New Normal, Old Normal

A year ago any discussion about the future included speculation about what the “new normal” would look like. Those discussions have changed shape around the question “Is this it? Is what we’re living the new normal?” The answer to that question is yes because normal has always been a mirage, a fantasy, an illusion that life is in any way predictable. We try to make it predictable for our own comfort, because constantly paying attention to and emotionally managing a shifting world is exhausting. If we can find a routine for schooling or work or chores, then at least that small portion of our lives can just happen without us having to think to much about it. I now carry a mask with me and put in on in public places without thinking about it. I give people more distance. I spread out social contacts so that I can tell if I caught something before I have the chance to spread it unawares. I’m accustomed to random shortages, for some reason there are no pickles for three weeks, then they are back. I’m shifting my own book printing stateside so that none of my products have to traverse the snarled mess of global container shipping. All of these things do require a small modicum of attention, but I’ve become accustomed to giving that attention. It is normal for me to adapt on the fly to regular shifts in product availability, Covid numbers, and local mandates. All sorts of little things are less predictable than they used to be, but that lack of predictability has become predictable, and therefore normal.

My son was not diagnosed with autism until he was 18 years old. We went through all the emotions, regrets, relief, and fears which attend upon such a late adjustment in comprehension of what was affecting my son’s interactions with the world. I was baffled by how a kid could have full psychological/behavioral assessments seven times as he was growing up and not one of the supposed experts recognized the autism. He was screened for autism on multiple occasions and the result was “probably not.” The flaw was that those screening tests depended on me, the parent, stating the severity of behaviors and how disrupting the behaviors were to our life. The thing was, we’d already adapted to those behaviors, they were normal and manageable for us. That came across in the screening test. They were absolutely indicative of my son having autism AND they were entirely normal for us so that we thought nothing of them. Our household normal looked very different from the normal in other households. This continues to be true as my three fledgling adults are just beginning to flap their wings while depending on the security of the nest for survival.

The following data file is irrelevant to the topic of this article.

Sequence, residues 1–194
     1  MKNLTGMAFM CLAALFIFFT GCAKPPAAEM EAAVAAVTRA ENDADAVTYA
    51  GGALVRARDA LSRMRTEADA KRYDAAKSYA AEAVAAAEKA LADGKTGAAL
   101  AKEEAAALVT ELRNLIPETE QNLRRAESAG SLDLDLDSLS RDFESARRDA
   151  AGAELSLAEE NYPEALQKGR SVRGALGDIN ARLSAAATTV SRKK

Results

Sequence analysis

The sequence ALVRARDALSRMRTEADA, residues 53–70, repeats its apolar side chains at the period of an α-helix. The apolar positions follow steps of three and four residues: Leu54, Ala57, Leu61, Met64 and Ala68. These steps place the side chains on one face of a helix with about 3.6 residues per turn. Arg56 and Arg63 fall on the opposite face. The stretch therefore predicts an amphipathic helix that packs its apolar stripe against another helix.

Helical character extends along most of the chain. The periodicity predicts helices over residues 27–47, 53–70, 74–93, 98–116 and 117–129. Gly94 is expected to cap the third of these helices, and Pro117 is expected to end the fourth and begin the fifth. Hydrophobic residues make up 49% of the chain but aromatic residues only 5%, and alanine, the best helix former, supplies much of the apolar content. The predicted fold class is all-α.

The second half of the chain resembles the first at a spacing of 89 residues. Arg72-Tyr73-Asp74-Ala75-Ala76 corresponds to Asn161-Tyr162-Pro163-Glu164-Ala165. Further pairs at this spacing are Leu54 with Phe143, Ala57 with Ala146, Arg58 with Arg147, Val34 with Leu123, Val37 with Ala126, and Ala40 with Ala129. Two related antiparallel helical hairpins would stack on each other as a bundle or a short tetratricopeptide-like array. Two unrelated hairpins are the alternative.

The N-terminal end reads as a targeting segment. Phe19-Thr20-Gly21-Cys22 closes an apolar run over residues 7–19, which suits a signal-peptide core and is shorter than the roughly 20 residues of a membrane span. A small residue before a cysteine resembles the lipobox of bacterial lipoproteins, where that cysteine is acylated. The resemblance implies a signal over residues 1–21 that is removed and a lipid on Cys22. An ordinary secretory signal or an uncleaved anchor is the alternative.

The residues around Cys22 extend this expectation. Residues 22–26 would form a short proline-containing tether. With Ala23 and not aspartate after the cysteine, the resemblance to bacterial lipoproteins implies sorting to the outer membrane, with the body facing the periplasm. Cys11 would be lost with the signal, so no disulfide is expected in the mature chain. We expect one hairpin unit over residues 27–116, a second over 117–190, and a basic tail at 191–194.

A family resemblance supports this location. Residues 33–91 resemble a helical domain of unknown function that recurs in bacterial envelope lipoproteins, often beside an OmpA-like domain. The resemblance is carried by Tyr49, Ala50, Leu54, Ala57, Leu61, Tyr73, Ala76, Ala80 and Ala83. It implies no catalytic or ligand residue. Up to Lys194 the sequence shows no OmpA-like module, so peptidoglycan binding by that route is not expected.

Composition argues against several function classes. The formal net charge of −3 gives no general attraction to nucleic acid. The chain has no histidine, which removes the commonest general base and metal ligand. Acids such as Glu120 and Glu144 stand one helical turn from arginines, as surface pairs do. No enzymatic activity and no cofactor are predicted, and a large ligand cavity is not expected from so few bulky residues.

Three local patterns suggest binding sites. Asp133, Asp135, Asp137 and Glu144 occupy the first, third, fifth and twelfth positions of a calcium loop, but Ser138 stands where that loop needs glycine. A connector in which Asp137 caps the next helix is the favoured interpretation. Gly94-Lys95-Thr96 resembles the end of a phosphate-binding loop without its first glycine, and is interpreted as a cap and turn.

I think about normal as learn and collect information for the accessibility appendix in XDM2e. I exchanged messages with a Game Master who has been blind since birth and was wondering how to deploy maps that they can’t see in their games to help their sighted players. In this person’s world being sighted is the oddity and blindness is completely normal. The same holds true for wheelchair users and deaf people. They know exactly how to navigate the world using their capabilities. Their normal is different from mine, but it is still normal. Just as my parenting normal has been very different from other parents I know. And my current normal is different from the normal of the pre-pandemic times. In fact the ability to create normal might be a survival trait for humans. In order to not be overwhelmed, we start classifying things as “normal” so that we can not be exhausted paying attention to them all the time.

I wish I had a grand conclusion to make of these meandering thoughts, but all I have to offer is that normality, whether new or old, is a strange and illusory thing.